A map showing the Brooks Road Landfill Site and a one kilometre-radius Local Study Area in relation to watercourses, wetlands, roads, and railways. Areas immediately to the south and north of the landfill are part of the provincially significant North Cayuga Swamp Wetland Complex. Grand River Conservation Authority identified wetlands are interspersed throughout the Local Study Area. No watercourses pass through the landfill property. The northern portion of the site is bound by an abandoned Canadian Southern Railway rail line and the Canadian National Railway rail line is approximately 200 m to the south of the property boundary.

Figure 3: Existing conditions

Download Figure 3 (PNG)

A schematic diagram showing the layout of the existing Brooks Road Landfill Site and buffer areas between the active fill area and the property boundary. The limit of waste is approximately 71 m from the northern property boundary, 35 m to 158 m from the southern property boundary, and approximately 30 m from the property line to the east and west. A stormwater management pond and leachate treatment facility is situated to the south of the active landfill area. There are three waste cells (stages) within the active landfill area.

Figure 4: Preferred undertaking

Download Figure 4 (PNG)

A visual rendering of the preferred vertical expansion method (Alternative 2) showing a raised active fill area, a vegetated screening berm along Brooks Road, an access road from Brooks Road with storage and operator trailers at the entrance, in addition to, a scale house, stormwater management pond and leachate treatment facility to the south of the active fill area.

Figure 5: Preferred undertaking contour map

Download Figure 5 (JPEG)

A site development plan showing the contours of the vertical landfill expansion. The plan includes the locations of stormwater management and leachate treatment facilities, surface water/groundwater monitoring points, a clay stockpile area along the northern perimeter, and vegetation screening berms. The vertically expanded fill area is trapezoidal in shape with 25% grade side slopes.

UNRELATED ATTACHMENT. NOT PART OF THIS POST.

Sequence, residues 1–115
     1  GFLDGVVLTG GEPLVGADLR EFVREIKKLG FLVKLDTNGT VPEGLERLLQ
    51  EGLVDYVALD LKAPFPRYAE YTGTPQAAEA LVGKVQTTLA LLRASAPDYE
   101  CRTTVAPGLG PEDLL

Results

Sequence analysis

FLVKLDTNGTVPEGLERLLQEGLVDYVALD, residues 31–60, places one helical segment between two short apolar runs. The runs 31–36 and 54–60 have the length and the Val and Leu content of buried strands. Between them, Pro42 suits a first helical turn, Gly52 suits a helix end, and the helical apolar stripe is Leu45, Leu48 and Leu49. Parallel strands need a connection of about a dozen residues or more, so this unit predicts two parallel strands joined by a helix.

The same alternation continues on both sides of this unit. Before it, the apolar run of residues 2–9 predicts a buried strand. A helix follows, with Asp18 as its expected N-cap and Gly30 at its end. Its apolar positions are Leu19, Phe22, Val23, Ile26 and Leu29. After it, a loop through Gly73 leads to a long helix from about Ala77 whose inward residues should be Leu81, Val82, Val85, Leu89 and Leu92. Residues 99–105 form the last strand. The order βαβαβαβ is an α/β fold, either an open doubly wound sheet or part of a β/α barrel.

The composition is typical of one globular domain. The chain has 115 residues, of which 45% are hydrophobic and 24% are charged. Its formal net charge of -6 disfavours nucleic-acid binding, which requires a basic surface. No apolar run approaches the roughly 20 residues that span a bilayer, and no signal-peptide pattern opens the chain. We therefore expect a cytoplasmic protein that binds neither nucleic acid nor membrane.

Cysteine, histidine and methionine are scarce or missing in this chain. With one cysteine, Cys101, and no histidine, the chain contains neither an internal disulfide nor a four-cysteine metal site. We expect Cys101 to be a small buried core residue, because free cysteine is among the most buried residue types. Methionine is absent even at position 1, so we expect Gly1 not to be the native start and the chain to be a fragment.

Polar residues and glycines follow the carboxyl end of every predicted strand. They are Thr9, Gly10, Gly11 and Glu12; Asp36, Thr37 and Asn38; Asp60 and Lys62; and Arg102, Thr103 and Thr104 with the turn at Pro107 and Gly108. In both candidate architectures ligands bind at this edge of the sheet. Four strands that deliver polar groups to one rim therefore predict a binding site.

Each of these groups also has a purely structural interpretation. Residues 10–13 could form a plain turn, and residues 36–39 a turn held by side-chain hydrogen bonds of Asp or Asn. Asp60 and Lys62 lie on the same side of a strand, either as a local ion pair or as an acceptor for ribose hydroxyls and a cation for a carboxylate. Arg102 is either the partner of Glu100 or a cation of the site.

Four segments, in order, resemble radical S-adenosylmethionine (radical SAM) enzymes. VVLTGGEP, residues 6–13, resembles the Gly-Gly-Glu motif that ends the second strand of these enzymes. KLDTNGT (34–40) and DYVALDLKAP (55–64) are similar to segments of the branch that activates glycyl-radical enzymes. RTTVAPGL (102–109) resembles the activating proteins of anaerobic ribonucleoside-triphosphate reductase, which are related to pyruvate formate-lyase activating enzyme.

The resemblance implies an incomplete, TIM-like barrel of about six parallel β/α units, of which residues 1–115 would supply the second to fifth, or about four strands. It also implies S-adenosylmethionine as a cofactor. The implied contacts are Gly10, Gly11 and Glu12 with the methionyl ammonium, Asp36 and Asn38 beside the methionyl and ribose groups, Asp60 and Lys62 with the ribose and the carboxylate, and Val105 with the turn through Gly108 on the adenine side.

Results of the ministry review

The Review provides the ministry’s analysis of the EA. The Review is not intended to summarize the EA, nor present the information found in the EA. For information on the EA process, please refer to the EA itself. The EA and supporting documentation outlines the EA planning process and demonstrates how the proponent has selected the preferred undertaking.

The purpose of the ministry Review is to determine whether:

  • the EA has met the requirements of the ToR and the EAA
  • there are any outstanding issues with the EA
  • the proposed undertaking has technical merit

“Must haves” in the EA:

  • the EA must be prepared in accordance with the approved ToR
  • EA must include all the basic EAA information requirements
  • EA demonstrates where all the additional commitments in the ToR were met, including studies and the consultation process

3.1 Conformance with ToR and EAA

3.1.1 Ministry analysis

The ministry coordinated an analysis of the EA with the GRT that looked at whether the requirements of the ToR have been met. The ministry concludes that the EA has addressed the commitments made in the ToR and satisfies the requirements of the EAA.

Appendix A summarizes this analysis and identifies how EAA requirements have been addressed in the EA.

3.1.2 Consultation

One of the key requirements of the EAA is consultation during the preparation of the EA. Consultation is the responsibility of the proponent and must be undertaken prior to the submission of the EA to the ministry. Consultation must be completed in accordance with the consultation plan outlined in the ToR.

During the preparation of the EA, BRE established a consultation process that shared information on the study and provided opportunities for the public, GRT agencies and Indigenous communities to provide specific or general input. Consultation activities included:

  • Establishing and maintaining a stakeholder and Indigenous community contact list
  • Publishing notices in local newspapers
  • Posting documents on the website
  • Mailing notices to residents to inform of study milestones
  • Hosting teleconference calls with GRT agencies
  • Meetings with the Six Nations of the Grand River
  • Providing updates on the EA at the Brooks Road Landfill Site Public Liaison Committee and to Haldimand County Council
  • Responding to letters and email correspondence from the public
  • Conducting two open houses for the general public to obtain input on the evaluation of vertical expansion options and the selection of the preferred option
  • Providing a draft EA for GRT agencies and Indigenous communities to review and comment

In accordance with the requirements of subsection 6.1(2) of the EAA, consultation activities are described in section 6 of the EA and are documented in a Record of Consultation accompanying the EA.